Nostalgic consumption has received research attention due to its potential economic and commercial significance, as well as its humanistic value. In particular, nostalgic consumption often involves products and services, including products and brands, thus generating great value in antique collection, cultural creation, museum art, tourism, old songs, and the creation of historical movies and films [17]. Nostalgic consumption is not just about the material value that the product provides, but, more importantly, about the symbolic value or meanings that are associated with products. Consumers who feel a low sense of security often favor nostalgic goods that remind them of the good old times of the past [18]. For instance, research has reported that more consumers gain comfort in revisiting TV programs and music they enjoyed in their youth since such products and services offer a return to beloved characters from the past [14].
Existing research on nostalgic consumption mainly focuses on examining the link between age and the development of consumer tastes over time and the patterns in the nostalgia proneness of consumer preferences [16]. However, few research efforts have been devoted to the situational and temporal events that trigger nostalgia and the mechanism underpinning the impact of nostalgia on consequent consumption, thus calling for an in-depth understanding of such phenomena and gaining insights for marketing practices [19]. To fill such research gaps, this research makes unique contributions by scrutinizing the influences of temporal landmarks on nostalgic feelings and consequent nostalgic consumption. In addition, this study underscores the importance of the need to belong as an underlying mechanism in such a relation. Our rationale for such contributions to the existing literature is outlined below.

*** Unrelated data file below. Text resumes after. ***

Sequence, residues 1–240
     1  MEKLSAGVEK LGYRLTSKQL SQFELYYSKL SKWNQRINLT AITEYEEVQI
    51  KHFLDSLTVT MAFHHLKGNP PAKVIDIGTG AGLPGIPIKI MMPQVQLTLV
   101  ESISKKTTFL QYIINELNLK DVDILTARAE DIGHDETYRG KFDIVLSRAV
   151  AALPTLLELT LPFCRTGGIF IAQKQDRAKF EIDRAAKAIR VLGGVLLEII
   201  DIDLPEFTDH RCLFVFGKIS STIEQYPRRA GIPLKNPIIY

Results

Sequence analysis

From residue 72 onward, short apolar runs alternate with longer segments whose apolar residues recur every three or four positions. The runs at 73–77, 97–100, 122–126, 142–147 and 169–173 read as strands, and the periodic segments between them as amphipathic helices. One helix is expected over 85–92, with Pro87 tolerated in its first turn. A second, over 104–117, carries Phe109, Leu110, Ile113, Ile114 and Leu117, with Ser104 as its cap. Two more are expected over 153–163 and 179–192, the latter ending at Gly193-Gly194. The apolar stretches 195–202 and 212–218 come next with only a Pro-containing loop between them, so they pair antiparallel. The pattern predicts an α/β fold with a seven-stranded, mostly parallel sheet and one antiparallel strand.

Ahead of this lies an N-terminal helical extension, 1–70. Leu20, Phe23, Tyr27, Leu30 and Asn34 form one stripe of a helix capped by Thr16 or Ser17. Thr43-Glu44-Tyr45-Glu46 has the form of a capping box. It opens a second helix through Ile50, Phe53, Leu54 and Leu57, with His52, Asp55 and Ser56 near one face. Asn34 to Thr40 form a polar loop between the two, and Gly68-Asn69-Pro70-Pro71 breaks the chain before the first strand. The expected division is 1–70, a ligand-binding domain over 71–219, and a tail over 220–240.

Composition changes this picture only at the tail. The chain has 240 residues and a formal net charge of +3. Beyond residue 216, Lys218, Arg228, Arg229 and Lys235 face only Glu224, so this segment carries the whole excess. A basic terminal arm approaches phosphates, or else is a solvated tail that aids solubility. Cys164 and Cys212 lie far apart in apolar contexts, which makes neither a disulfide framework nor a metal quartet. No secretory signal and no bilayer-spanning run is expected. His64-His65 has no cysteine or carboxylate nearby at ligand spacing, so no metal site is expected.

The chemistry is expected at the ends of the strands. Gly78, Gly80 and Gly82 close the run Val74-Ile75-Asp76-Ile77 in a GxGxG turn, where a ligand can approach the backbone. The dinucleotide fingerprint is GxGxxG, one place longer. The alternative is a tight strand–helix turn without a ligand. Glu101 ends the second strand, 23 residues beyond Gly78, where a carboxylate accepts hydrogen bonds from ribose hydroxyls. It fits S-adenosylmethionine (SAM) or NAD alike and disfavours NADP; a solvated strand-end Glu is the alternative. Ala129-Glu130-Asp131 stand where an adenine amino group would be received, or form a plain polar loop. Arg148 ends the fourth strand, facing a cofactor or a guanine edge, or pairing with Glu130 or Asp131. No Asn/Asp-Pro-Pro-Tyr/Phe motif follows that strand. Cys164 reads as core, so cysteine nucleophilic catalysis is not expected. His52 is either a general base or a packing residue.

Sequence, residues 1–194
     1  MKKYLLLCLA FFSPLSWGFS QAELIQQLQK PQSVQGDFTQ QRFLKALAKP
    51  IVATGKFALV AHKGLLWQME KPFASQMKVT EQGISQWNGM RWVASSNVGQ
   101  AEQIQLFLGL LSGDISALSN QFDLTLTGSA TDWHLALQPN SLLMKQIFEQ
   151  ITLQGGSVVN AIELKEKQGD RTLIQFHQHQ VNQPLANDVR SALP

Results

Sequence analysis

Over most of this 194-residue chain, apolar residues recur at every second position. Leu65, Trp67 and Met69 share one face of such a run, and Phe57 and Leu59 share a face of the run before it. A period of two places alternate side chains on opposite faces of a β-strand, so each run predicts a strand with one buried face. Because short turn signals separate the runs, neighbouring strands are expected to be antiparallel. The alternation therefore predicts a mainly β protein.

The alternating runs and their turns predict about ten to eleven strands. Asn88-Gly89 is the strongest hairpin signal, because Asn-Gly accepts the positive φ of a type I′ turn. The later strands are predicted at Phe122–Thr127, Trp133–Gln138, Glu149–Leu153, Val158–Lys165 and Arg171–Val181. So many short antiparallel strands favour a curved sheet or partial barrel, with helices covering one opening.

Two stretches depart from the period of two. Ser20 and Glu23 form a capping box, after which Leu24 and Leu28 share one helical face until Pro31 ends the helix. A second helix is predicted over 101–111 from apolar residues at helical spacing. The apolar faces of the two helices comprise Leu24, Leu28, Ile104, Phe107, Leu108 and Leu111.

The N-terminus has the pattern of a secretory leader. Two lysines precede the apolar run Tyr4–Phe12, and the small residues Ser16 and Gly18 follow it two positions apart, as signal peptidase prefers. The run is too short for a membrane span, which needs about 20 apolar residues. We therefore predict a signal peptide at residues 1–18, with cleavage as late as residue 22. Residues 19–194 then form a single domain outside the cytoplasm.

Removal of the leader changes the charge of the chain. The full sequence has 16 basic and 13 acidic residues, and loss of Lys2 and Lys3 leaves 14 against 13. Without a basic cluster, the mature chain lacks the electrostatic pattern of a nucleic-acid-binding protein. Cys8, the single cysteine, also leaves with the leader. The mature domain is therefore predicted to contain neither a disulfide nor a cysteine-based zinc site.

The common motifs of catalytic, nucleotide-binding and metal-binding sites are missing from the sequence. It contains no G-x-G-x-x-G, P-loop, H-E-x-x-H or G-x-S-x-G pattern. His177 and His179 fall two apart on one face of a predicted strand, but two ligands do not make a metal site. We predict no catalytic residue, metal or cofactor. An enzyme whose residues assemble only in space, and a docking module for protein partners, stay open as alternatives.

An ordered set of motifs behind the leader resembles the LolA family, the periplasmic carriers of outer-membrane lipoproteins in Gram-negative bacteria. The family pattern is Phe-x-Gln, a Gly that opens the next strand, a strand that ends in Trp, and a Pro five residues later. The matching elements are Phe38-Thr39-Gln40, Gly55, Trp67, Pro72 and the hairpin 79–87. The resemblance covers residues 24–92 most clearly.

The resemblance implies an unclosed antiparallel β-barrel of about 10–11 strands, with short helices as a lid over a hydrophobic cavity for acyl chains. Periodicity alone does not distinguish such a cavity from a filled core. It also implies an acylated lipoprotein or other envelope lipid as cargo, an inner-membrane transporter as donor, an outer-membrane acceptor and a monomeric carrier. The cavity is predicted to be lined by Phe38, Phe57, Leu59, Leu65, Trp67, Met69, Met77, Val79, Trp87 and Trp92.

Reminiscing about a particular day, e.g., the start, middle or end of the month/year, may elicit different emotions [20,21]. As such, during momentous life experiences (e.g., graduations, holidays, anniversaries), people can be struck by feelings of nostalgia due to such times evoking a certain amount of stress and anxiety. We envision that nostalgic feelings are more likely to occur at some time points rather than others in daily life. When individuals are affected by fear and threats in real life, e.g., death anxiety or the feeling caused by the “end of life”, they will make up for the lack of security by choosing nostalgic items [22]. As such, Stern [23] called the phenomenon of Americans feeling confused and anxious at the end of the 20th century, with its increasing uncertainty, as the “end-of-the-century effect”, which may lead consumers to buy goods that may seem old-fashioned but carry nostalgic feelings. We argue that anxiety increases consumer responses to particular situational cues, such as end temporal landmarks (i.e., end of day, month, and year), which are more closely associated with nostalgic feelings. Such end temporal landmarks signal deadlines or remind us of incomplete tasks, which evokes time pressure and anxiety. Accordingly, this study contributes to the existing literature by understanding the impact of end temporal landmarks on nostalgic feelings and the consequent buying intentions for nostalgic products.
In addition, considering that the consequences of social anxiety can be isolation and loneliness due to the breakdown of interpersonal relationships, including those with family, coworkers, and friends, consumers will have a strong motivation to build connections with others [24,25]. Reminiscing about fond memories not only helps us feel more connected but also bolsters our own sense of self-regard through social bonds. In this way, nostalgia allows us to transport ourselves back to a supportive social context in which we feel connected. Therefore, we further investigate the role of the need to belong as a mechanism underpinning the relationship between end temporal landmarks and consequent nostalgic consumption. The findings from our empirical studies underscore the effect of end temporal landmarks and the mediating role of the need to belong on nostalgic consumption.